Quarterback Carson Palmer talks with guard Mike Iupati on the sideline last Sunday during the Cardinals' loss in Atlanta.
From the time Bruce Arians arrived in Arizona, the coach put into use his Accountability Board.
It was simple, really, tallying the day's mistakes – whether it be from a practice or a game – and letting everyone on the team know who was to blame, and for what.
That hasn't gone away. So as the Cardinals try to figure out why this season has gone sideways, a 4-6-1 disappointment with five games to play, accountability remains a hot topic.
Safety Tyrann Mathieu and Arians both mentioned it following last weekend's loss to the Falcons. As quarterback Carson Palmer said, the notion of accountability is inevitable when things aren't going well. Correcting things weekly after being held accountable, well, that's been a different story.
"When you don't win, it's always execution," Palmer said. "It's always being accountable and mental errors. There's always kind of a theme, after a win, after a loss. Our accountability sheet is always up after practice, after games. It's not that guys don't want to be accountable or don't care about it. We're always stressing being accountable, being in the right spot, doing the right technique, doing your job."
Mathieu brought up inconsistency. No one can seem to explain why the Cardinals seem to prepare well and practice well and then have it not translate to Sunday – although as Palmer said, "there's a big difference between a practice rep and a game rep."
The most used word in the locker room of late has been a version of "frustrating."
Arians garnered headlines this week by saying, among other things that "selfishness instead of selflessness that has crept in" to the team.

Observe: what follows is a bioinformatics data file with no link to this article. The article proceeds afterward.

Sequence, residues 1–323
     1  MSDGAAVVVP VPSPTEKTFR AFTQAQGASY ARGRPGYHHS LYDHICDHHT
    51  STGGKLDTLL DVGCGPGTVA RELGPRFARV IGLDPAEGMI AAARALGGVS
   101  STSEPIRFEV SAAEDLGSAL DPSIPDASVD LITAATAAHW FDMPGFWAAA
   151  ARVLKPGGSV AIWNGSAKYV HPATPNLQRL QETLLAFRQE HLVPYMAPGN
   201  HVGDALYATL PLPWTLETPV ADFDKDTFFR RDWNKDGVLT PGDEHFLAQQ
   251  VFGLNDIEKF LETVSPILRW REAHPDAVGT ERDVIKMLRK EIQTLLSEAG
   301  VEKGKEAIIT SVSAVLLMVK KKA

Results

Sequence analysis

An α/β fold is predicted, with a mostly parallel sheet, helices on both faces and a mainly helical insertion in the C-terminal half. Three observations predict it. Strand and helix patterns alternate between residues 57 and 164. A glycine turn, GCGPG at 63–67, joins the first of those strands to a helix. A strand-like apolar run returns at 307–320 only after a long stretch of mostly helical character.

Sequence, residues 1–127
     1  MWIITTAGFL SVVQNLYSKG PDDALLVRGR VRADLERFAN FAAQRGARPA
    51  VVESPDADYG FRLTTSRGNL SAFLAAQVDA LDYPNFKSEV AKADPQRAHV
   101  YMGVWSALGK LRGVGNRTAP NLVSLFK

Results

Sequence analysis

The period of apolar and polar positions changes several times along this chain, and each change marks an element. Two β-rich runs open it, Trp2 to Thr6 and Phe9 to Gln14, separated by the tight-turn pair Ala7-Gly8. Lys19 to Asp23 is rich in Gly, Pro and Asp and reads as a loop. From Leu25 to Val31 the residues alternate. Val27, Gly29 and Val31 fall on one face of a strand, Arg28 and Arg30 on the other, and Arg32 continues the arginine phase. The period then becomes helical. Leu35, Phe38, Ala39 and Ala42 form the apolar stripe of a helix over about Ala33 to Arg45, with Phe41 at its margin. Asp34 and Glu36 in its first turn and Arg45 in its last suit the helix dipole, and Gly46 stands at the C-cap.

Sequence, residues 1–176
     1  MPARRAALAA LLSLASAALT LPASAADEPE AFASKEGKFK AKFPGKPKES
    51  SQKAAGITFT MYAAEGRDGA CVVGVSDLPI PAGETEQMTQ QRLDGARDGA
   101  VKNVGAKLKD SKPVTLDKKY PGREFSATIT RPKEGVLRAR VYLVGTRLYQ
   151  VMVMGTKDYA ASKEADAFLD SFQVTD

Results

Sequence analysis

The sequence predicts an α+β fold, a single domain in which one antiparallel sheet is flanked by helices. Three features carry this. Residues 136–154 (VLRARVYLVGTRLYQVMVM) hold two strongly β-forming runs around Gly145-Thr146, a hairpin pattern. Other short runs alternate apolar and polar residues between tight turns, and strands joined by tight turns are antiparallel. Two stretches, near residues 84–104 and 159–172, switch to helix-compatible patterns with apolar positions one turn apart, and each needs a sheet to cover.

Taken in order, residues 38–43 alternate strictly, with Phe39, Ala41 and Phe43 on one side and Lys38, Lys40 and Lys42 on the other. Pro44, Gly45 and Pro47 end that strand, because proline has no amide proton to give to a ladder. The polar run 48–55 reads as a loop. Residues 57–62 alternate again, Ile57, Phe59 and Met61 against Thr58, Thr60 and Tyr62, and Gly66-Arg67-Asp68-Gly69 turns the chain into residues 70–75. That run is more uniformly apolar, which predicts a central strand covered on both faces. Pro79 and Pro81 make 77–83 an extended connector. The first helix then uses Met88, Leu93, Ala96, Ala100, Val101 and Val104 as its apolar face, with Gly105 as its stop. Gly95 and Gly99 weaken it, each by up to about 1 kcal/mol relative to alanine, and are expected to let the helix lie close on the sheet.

Arians also said veterans had yet to do anything about the problem of players doing their job – again, a spoke in the accountability wheel. Arians said Wednesday there wasn't really any way for him to know how the players control their own locker room. Sunday – when the Cards face Washington – will show that sign.
Both Arians and players, however, didn't see a problem with the criticism.
"They usually respond very well (to criticism)," Arians said. "If they don't, you have a problem. We've never had any problem with guys responding."
Palmer called that "Coach's job," and said players need to understand that was how this team was built.
"We're all big boys," Palmer said. "If you don't do your job you get called out. That's just how it is."
Mathieu was even stronger in his defense of Arians.
"That's why we love him," Mathieu said. "He's critical. He's honest. He speaks how he feels."
"For me, I like to be criticized, I like to be coached," Mathieu added. "I'll do my part as a leader to try to get everybody fired up. I think we're lacking a little bit of enthusiasm, like I said, confidence and swagger. All those things come when you win football games, so we've just got to get one win under our belt."
Palmer said that over the years, he's learned how to deliver messages to teammates so they resonate. He's continued to do that, although he noted it wasn't necessarily going to be in the public forum that Arians sometimes chooses.
It's also different, Mathieu said, to come at the problems from the perspective of coach as opposed to player.
"As a team, we're highly invested and we want to win ballgames," Mathieu said. "Everything just isn't coming together for us this year. At the end of the day, we have to find a way to win one game. It's not really about going to the playoffs or anything like that."
The Cardinals' receiving leaders through 11 games